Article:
Democratic committee chairmen shift focus to Barr as House investigations forge ahead

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There have been no conversations about President Donald Trump issuing pardons for any of his associates who have been charged or pleaded guilty as part of the U.S. Special Counsel Robert Mueller's Russian Federation investigation, the White House said on Monday. Next, it's time to prosecute the many violations of law that have been overlooked in our two-tiered justice system, provide basic constitutional law training to the self-important bureaucrats who claim to be defending the Constitution by subverting it, and take extreme measures against anyone found to have misled a court to spy on the Trump campaign. But the summary, like so many things in the Trump era, seemed like another Rorschach test for a divided country: Where Trump's allies celebrated "no collusion", Democrats saw a mantra of their own: No exoneration.

Barr concludes he wants to release as much information from the report as possible, but there are some disclosure concerns involving evidence in grand jury investigations that need to be dealt with. "And it began illegally", Trump said on March 24. With Mueller's investigation completed, numerous questions that went unanswered for more than two years may now be resolved. The fact that Mueller opted not to make a specific recommendation on obstruction of justice may have convinced Barr to weigh in, but he could have just left it at Mueller opting not to accuse Trump of a crime.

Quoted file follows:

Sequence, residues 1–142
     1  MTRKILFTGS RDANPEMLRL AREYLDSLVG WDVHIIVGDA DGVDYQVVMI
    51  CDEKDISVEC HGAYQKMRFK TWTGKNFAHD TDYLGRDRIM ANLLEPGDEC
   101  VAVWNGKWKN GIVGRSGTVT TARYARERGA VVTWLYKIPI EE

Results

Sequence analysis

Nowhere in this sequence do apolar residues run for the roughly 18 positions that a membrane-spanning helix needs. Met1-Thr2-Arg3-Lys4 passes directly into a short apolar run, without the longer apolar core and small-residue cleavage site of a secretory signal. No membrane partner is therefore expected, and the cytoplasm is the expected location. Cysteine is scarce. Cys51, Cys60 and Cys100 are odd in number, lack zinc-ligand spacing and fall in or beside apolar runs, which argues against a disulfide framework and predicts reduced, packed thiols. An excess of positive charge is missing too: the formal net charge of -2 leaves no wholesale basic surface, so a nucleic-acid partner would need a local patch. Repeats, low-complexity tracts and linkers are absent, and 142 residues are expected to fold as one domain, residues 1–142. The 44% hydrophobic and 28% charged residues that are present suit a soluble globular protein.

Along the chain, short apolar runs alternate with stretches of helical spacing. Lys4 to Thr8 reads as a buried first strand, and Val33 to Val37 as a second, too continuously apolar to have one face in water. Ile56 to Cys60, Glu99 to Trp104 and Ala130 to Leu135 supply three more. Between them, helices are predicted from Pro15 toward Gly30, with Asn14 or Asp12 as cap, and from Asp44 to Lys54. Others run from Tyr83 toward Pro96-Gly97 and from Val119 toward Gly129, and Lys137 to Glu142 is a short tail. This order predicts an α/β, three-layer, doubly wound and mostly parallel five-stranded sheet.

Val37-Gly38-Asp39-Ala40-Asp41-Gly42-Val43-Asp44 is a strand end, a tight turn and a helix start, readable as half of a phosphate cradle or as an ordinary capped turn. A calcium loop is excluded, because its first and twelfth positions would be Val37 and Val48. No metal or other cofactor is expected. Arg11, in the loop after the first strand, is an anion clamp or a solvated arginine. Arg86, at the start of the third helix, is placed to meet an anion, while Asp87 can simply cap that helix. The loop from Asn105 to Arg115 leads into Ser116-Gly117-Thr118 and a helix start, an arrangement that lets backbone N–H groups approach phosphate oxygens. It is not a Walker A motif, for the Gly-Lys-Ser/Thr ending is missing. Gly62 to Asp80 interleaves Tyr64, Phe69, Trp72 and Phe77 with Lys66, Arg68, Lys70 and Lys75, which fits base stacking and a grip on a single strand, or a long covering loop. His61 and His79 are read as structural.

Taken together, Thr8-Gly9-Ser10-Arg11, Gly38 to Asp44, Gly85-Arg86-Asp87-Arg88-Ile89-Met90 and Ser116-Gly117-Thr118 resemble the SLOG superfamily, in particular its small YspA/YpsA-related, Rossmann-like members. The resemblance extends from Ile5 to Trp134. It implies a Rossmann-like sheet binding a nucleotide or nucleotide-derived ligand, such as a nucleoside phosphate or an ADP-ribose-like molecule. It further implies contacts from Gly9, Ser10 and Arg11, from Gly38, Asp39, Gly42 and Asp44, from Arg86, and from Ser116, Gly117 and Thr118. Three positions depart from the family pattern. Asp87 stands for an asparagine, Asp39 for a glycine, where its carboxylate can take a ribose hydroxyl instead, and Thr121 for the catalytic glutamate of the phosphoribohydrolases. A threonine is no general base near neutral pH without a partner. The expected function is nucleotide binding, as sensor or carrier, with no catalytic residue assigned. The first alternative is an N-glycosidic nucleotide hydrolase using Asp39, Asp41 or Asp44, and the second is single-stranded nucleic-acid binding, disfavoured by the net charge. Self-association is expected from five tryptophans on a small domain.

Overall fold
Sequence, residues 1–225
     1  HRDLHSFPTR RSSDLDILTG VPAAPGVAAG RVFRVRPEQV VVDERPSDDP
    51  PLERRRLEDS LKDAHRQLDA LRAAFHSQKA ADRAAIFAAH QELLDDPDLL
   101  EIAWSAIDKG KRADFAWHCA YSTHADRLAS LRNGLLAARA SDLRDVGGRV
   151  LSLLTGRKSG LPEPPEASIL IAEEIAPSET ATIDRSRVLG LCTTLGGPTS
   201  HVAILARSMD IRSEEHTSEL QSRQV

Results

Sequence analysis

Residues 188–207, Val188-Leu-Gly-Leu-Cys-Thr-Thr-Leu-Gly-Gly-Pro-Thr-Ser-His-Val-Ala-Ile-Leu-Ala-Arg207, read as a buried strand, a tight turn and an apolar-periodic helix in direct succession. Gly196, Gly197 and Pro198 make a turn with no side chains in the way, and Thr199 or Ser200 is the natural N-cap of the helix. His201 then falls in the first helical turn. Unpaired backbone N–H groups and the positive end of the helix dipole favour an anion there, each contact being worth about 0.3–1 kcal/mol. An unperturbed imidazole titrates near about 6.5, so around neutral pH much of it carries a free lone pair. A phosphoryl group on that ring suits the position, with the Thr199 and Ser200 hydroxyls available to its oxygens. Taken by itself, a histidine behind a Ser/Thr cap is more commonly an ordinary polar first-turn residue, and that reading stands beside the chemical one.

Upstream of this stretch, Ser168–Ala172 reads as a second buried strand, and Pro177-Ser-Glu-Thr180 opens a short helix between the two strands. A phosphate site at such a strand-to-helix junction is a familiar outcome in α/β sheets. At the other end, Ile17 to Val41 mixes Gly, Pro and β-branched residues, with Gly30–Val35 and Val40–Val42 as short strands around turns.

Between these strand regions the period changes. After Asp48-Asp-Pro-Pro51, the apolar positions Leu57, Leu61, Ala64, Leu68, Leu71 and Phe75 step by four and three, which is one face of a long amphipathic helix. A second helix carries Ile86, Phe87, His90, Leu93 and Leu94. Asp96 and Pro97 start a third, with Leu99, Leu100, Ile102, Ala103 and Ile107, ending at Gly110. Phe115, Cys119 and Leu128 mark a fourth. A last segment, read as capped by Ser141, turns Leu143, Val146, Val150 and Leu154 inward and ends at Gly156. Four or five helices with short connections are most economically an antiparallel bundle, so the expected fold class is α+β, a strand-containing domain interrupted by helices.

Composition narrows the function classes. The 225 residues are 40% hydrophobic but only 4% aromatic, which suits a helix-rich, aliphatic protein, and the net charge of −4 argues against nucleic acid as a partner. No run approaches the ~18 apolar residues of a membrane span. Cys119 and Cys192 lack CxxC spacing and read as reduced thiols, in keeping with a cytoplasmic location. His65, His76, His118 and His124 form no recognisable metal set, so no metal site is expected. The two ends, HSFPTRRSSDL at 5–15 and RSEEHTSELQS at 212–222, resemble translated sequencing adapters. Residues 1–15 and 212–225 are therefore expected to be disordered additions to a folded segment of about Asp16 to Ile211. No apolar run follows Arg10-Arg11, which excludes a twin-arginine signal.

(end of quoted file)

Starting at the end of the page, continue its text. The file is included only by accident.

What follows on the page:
Echoing remarks from House Speaker Nancy Pelosi and the Senate's top Democrat, Sen. The full Mueller report must be made public to hardworking Americans who deserve to know all of the facts.

The chairmen reiterated the long-held Democratic conviction that Barr must make Mueller's work public, including the entirety of his final report and the underlying evidence that informed his conclusions and decision-making. "He's just not worth it", she told The Washington Post earlier this month. "The attorney general and the deputy attorney general went through and based their decision on Mueller's investigation".

Trump told reporters at the White House last week that he wouldn't mind if the public sees Mueller's report.

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But Democrats, led by House Judiciary Chair Jerry Nadler (D-NY) aren't convinced and want Attorney General Barr to testify before Congress. This isn't to dispute that Mueller made this call, but for a letter eager to take direct quotes when it can, the reticence to let everyone gauge Mueller's own language is curious.

The Mueller Report landed on Friday and if you're like most smart and savvy people, your response to the breaking news was, "get this off my television, bring back basketball".

The full report would answer some of these questions, Lemon said.

And Stephen Lynch, the MA congressman, suggested investigations of Trump could continue well beyond Mueller's purview. "But because his lawyers thought he would lie, he didn't go in for an interview", said Schmidt.

The Hill reached out to Graham for clarification about his tweet and his office referred the website to a letter from Graham to the attorney general about investigating a FISA surveillance warrant against Carter Page, a former campaign adviser to then-candidate Trump.

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